Accordingly, Gardner revealed seven intelligences by which individuals are capable of tapping to solve problems at hand. These intelligences were specifically noted as: linguistic (ability to read, write and communicate), logical-mathematical (ability for logical thinking and to solve mathematical and even scientific problems), spatial (exemplifying navigational or visual architectural and planning skills), bodily kinesthetic (use of physical body in solving problems), musical (innate musical talent), interpersonal (skills towards others), and intrapersonal (skills towards self). Two intelligences: naturalist and existentialist were eventually added to the list (A Brief History of Intelligence Theory, p. 2).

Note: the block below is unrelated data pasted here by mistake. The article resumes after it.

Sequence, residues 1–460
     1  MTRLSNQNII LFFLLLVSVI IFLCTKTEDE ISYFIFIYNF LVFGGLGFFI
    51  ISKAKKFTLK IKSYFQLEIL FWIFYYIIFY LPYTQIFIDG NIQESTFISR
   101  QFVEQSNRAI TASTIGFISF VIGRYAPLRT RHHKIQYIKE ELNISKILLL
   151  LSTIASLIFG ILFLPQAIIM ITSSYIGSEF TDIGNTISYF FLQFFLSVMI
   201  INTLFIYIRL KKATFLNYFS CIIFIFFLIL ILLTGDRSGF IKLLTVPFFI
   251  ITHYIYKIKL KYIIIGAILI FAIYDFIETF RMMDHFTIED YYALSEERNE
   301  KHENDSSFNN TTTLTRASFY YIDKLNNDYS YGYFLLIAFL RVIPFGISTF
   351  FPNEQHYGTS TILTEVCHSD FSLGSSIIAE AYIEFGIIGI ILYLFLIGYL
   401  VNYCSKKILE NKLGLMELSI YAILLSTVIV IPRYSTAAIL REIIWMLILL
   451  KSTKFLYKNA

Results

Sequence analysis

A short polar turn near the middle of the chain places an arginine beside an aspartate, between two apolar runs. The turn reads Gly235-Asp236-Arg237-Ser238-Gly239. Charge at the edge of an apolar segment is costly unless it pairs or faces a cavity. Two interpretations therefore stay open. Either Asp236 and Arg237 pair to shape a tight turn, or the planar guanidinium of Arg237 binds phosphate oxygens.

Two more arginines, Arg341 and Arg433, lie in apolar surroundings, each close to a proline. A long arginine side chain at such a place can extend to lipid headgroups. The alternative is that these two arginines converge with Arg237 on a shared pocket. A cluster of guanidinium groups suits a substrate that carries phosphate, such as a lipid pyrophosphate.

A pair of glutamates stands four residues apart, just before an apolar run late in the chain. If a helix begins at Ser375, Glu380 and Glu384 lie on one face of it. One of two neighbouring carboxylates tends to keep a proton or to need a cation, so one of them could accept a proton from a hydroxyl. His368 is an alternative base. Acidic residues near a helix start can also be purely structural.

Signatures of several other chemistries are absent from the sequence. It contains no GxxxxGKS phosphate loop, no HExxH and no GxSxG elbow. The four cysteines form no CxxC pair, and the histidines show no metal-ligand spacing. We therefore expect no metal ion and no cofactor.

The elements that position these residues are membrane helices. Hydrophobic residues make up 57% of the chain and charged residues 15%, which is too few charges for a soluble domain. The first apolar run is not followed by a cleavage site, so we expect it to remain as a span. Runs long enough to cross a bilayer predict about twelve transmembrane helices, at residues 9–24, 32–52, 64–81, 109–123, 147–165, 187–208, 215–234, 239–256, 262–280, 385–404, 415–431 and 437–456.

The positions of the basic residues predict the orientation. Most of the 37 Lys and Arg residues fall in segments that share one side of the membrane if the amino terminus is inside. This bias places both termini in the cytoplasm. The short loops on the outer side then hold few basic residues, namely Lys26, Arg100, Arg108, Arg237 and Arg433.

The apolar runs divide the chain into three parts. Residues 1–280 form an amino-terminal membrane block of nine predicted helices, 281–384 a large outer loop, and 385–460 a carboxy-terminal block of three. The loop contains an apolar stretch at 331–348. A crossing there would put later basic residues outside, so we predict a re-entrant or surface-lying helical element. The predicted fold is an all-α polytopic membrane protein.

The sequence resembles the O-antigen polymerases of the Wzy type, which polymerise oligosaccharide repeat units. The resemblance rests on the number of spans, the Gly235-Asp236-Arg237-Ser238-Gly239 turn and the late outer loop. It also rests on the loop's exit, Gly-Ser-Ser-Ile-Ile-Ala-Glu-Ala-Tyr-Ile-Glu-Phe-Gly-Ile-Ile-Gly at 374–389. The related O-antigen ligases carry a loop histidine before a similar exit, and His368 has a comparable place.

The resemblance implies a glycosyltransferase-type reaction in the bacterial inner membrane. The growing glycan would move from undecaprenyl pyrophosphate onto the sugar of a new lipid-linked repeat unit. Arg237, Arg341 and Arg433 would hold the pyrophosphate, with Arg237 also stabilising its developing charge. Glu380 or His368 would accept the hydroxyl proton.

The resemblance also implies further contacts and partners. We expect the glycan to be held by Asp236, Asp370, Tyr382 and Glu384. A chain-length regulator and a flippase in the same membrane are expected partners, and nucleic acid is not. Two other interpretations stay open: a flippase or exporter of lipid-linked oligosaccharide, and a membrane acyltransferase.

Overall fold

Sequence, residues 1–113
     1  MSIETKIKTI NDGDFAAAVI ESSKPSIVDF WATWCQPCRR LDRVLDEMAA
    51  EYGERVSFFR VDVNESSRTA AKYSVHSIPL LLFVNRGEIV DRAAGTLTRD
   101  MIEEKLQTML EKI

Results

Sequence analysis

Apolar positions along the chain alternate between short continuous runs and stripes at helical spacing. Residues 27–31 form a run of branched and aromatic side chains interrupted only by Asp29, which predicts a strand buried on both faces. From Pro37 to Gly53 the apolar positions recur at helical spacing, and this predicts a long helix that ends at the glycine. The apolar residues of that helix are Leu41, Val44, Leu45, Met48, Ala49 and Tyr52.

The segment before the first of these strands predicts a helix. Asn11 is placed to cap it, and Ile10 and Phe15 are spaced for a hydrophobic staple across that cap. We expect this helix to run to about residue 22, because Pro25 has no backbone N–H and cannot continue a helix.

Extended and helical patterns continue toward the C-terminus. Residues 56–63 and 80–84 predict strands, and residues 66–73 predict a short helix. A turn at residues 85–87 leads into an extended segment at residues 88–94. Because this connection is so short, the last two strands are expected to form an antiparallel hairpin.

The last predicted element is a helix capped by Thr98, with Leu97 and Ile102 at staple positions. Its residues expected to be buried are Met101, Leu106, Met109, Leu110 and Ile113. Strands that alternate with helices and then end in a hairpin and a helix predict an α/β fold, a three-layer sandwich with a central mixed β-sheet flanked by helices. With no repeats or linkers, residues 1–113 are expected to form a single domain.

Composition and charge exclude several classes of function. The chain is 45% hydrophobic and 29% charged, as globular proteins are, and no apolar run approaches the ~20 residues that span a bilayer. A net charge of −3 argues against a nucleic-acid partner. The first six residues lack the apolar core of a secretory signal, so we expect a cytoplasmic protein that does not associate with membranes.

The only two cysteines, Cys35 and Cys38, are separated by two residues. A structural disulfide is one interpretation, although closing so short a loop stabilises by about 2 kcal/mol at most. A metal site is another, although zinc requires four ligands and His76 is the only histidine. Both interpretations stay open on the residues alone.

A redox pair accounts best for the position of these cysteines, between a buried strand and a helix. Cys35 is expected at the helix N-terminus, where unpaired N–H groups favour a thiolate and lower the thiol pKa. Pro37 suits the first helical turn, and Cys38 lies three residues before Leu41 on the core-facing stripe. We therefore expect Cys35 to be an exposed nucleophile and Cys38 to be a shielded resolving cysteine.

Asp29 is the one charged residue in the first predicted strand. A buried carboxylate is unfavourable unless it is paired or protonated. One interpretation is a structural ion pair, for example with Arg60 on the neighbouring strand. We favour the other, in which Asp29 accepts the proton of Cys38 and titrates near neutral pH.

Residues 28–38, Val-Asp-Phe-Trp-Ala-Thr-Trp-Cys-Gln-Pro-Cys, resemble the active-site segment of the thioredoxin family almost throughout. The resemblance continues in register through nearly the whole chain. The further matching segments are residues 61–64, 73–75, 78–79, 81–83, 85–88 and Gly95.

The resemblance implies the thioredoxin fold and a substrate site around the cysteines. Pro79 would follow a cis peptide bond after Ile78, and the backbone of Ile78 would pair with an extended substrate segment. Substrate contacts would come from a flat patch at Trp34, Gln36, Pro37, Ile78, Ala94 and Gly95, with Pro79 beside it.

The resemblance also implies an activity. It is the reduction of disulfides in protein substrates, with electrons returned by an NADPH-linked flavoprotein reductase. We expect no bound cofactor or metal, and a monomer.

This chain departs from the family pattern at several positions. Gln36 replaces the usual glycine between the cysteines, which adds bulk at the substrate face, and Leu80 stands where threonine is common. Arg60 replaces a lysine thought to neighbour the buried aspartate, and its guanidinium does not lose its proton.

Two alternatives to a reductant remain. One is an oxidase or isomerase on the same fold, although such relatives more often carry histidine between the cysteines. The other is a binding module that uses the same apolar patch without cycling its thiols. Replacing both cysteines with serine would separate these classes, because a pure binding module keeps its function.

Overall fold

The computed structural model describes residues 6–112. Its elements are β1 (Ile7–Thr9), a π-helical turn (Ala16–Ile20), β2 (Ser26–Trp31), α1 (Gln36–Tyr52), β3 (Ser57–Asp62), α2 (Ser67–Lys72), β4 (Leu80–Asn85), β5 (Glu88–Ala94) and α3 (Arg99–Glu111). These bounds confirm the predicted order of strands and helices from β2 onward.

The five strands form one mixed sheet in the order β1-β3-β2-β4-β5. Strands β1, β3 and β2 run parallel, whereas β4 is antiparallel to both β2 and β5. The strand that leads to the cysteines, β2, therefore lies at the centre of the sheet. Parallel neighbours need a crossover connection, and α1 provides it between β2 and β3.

The good news is that this theory has been proven have been successfully applied in contemporary classroom settings, for instance, in science subjects through the application of logical-mathematical skills (to solve science problems), spatial and even bodily-kinesthetic through the control of body motions, spaces, and concepts of distance, and of course, needed in all classroom settings, the linguistic intelligence. Teachers and educators should therefore harness these intelligences through closely assessing the strengths of their students and develop the skills and intelligences that are most needed to assist in their overall academic